6Part II assesses the quality of various population estimates during the inter-census period and compares them to data from census counts done in the 2010s. These estimates can be calculated in a variety of ways that range from administrative records to using regression to extrapolate from past trends. But since the data are not complete for municipalities of 10,000 or more inhabitants, it may be useful to draw on administrative records, especially for small subpopulations. The best solution is population registers, which are replacing traditional census counts in Northern European countries. They provide statistical data at any time for any territorial unit or time period, while respecting privacy.  [6]

7Part III covers a wide range of subjects, from labour market outcomes to household expenditure, poverty and mobile home population displacement. Several of these chapters are on entire countries, a fact that goes against the emphasis on local studies. Chapter 11 by Cristina Bradatan and Laszlo Kulcsar is on the United States labour market; Chapter 12 by Elena Kotylro tests Easterlin’s hypothesis on Sweden; Chapter 13 by Farhat Yusuf and Stephen Leeder is on expenditure on health in Australia. The chapters in this part generally draw not on census data but survey data because their subjects are handled only in specialized surveys.

8Part IV focuses on applying the Geographic Information System (GIS) in demographic analysis. This approach involves establishing correspondences between geographic coordinates and data of all sorts, particularly demographic information. In Chapter 17, Richard Lycan and Charles Rynerson suggest using GIS to provide a solid, detailed basis on which to plan for school enrolment in a region where population structure and behaviours change quickly.

9Part V examines disparities in health care access and the factors that impact on it in various world regions.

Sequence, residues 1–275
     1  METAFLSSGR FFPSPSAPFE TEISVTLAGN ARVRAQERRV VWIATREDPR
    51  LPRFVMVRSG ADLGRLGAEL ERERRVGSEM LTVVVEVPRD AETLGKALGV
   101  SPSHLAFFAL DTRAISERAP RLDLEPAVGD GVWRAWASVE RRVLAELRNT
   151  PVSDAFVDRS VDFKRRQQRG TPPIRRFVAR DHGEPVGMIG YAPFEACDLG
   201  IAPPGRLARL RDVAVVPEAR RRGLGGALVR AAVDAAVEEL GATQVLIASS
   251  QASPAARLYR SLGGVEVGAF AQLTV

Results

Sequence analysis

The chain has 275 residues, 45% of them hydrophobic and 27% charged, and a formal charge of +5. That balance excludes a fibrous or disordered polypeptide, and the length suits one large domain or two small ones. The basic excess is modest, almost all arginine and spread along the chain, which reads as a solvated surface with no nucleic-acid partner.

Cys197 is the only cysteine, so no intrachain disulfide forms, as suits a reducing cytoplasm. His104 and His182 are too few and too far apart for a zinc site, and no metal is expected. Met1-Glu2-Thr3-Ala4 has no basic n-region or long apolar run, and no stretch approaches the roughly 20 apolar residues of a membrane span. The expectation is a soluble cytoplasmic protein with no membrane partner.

10In sum, the reader discovers the strengths and weaknesses of applied demography. Because applied demography is strongly anchored in the complex life of populations, it can in some cases lead to developing realistic policies. However, is this enough to endow it with the status of a full-fledged scientific approach to populations? The book is far from having demonstrated this. Sharply diverse studies are simply juxtaposed; it is difficult to see what unites them – and the editors avoid providing any general conclusion. Furthermore, the methods applied already exist in several fields: projections or perspectives in demography, the GIS in geography (put in place in 1960 in Canada), optimal locating of businesses in economics (devised in 1909 by Alfred Weber), etc. Without more fully developed theory, applied demography will continue to have difficulty gaining recognition as a genuine sub-discipline of demography.


  • [1]
    Louis Henri, Dictionnaire démographique multilingue, Liège, Ordina Editions, 1973.
  • [2]
    Deux essays d’arithmétique politique touchant les villes et hospitaux de Londres et Paris, London, François Vaillant, 1686.
  • [3]
    See Sabine Reungoat, William Petty, observateur des îles britanniques, Paris, INED, 2004.
  • [4]
    The Future Wealth of America, New York, published by the author, 1852.
  • [5]
    See Jacques Vallin, Graziella Caselli, “Les projections de population mondiale des Nations unies”, in Graziella Caselli, Jacques Vallin, Guillaume Wunsch, eds., Démographie: Analyse et synthèse, V, Histoire du peuplement et previsions, Paris, INED, 2004, pp. 339-404.
  • [6]
    See Michel Poulain, Anne Herm, “Central Population Registers as a Source of Demographic Statistics en Europe”, Population, English Edition, 68(2), 2013, pp. 183-212.
Uploaded on on 02/07/2015
Distribution électronique pour I.N.E.D © I.N.E.D. Tous droits réservés pour tous pays. Il est interdit, sauf accord préalable et écrit de l’éditeur, de reproduire (notamment par photocopie) partiellement ou totalement le présent article, de le stocker dans une banque de données ou de le communiquer au public sous quelque forme et de quelque manière que ce soit.
Loading... Please wait